The OPC rules that collection or use of personal information to defend a lawsuit does not constitute "commercial activity"
A recent decision by the Office of the Privacy Commissioner of Canada (OPC) has confirmed that personal information collected or used in the course of defending a lawsuit is exempt from the Personal Information Protection and Electronic Documents Act (PIPEDA).1 In making its finding, the OPC applied a Federal Court decision, which held that such collection of evidence is protected by litigation privilege and is not a "commercial activity" contemplated by PIPEDA—even if third parties are retained to carry out or conduct that activity on the defendant's behalf. 2
What You Need To Know
- The ruling confirms that access to personal information remains heavily restricted when protected by privilege.
- PIPEDA does not provide a plaintiff in a civil action with
access rights to personal information that is collected by a
defendant in order to defend the claim—the collection of
evidence and defending against a lawsuit are not considered
private-sector commercial activity subject to PIPEDA.
- The above applies even when a third party (such as an expert)
is retained to collect and use the personal information.
- The above applies even when a third party (such as an expert) is retained to collect and use the personal information.
- However, parties to civil litigation—and their lawyers—should not assume that this ruling eliminates their obligations to safeguard personal information collected in the course of litigation.
- Private-sector organizations should continue to consider PIPEDA when making decisions about the protection of personal information obtained for the purpose of litigation.
Background and Implications for Civil Litigation
The OPC's decision dealt with an access request filed by the plaintiff in a motor vehicle accident lawsuit. Under PIPEDA, the plaintiff requested access to his personal information that was collected on behalf of the defendant's insurance company as part of an independent medical evaluation. The plaintiff was unsatisfied with the redacted copy of the report provided to him, filing a complaint with the OPC. Applying the 2010 Federal Court decision in State Farm, the OPC concluded that the matter was outside its jurisdiction because the collection of evidence in litigation is not commercial activity.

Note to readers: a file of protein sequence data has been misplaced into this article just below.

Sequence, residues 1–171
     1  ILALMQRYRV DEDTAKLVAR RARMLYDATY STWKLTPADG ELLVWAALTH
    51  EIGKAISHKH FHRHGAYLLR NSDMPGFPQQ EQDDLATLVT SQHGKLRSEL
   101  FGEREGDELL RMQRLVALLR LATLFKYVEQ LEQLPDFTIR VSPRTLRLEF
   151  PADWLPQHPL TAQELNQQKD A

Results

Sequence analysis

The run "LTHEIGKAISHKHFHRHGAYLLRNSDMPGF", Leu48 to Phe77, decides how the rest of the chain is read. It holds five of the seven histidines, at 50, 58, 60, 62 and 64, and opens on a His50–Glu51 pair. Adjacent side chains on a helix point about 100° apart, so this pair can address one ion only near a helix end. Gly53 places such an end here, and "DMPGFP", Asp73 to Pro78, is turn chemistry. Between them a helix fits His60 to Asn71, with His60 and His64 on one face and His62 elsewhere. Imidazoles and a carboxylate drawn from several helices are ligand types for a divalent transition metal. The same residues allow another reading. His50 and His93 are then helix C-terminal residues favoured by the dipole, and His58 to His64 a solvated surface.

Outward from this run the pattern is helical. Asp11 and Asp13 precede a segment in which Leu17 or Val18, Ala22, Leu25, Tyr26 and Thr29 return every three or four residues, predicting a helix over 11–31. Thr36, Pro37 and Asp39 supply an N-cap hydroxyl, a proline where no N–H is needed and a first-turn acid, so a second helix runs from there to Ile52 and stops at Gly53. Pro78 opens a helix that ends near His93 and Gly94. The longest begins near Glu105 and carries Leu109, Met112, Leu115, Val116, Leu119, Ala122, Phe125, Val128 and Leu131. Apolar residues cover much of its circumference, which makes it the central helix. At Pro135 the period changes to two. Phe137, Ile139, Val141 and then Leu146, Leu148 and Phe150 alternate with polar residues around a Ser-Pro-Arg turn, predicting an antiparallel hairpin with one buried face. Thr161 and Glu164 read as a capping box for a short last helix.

It is arguable that in other cases, the OPC could find that PIPEDA applies to personal information collected for litigation purposes, but an individual's right of access to that information is limited because the records are subject to privilege. For example, a law firm defending a case on behalf of its client is engaging in commercial activity, and one could expect the OPC to enforce the firm's obligation to protect personal information. However, one would also expect the OPC to recognize that the law firm has no obligation to provide an individual—who is adverse in interest to its client—with access to personal information included in case records that are subject to solicitor-client or litigation privilege.
Regardless of whether the OPC may revisit its position on whether PIPEDA applies to litigation in future cases, its recent decision confirms that access rights will be strictly limited when personal information is protected by privilege. While parties, lawyers and litigation service providers may take comfort that privileged information cannot be obtained through access requests under PIPEDA, private-sector organizations should continue to consider PIPEDA when making decisions about the protection of personal information obtained for the purpose of litigation.
1. PIPEDA Case Summary #2016-011 (released February 24, 2017), "Defending against a civil lawsuit is not considered a commercial activity": https://www.priv.gc.ca/en/opc-actions-and-decisions/investigations/investigations-into-businesses/2016/pipeda-2016-011/
2. State Farm Mutual Automobile Insurance Co. v. Canada (Privacy Commissioner), 2010 FC 736
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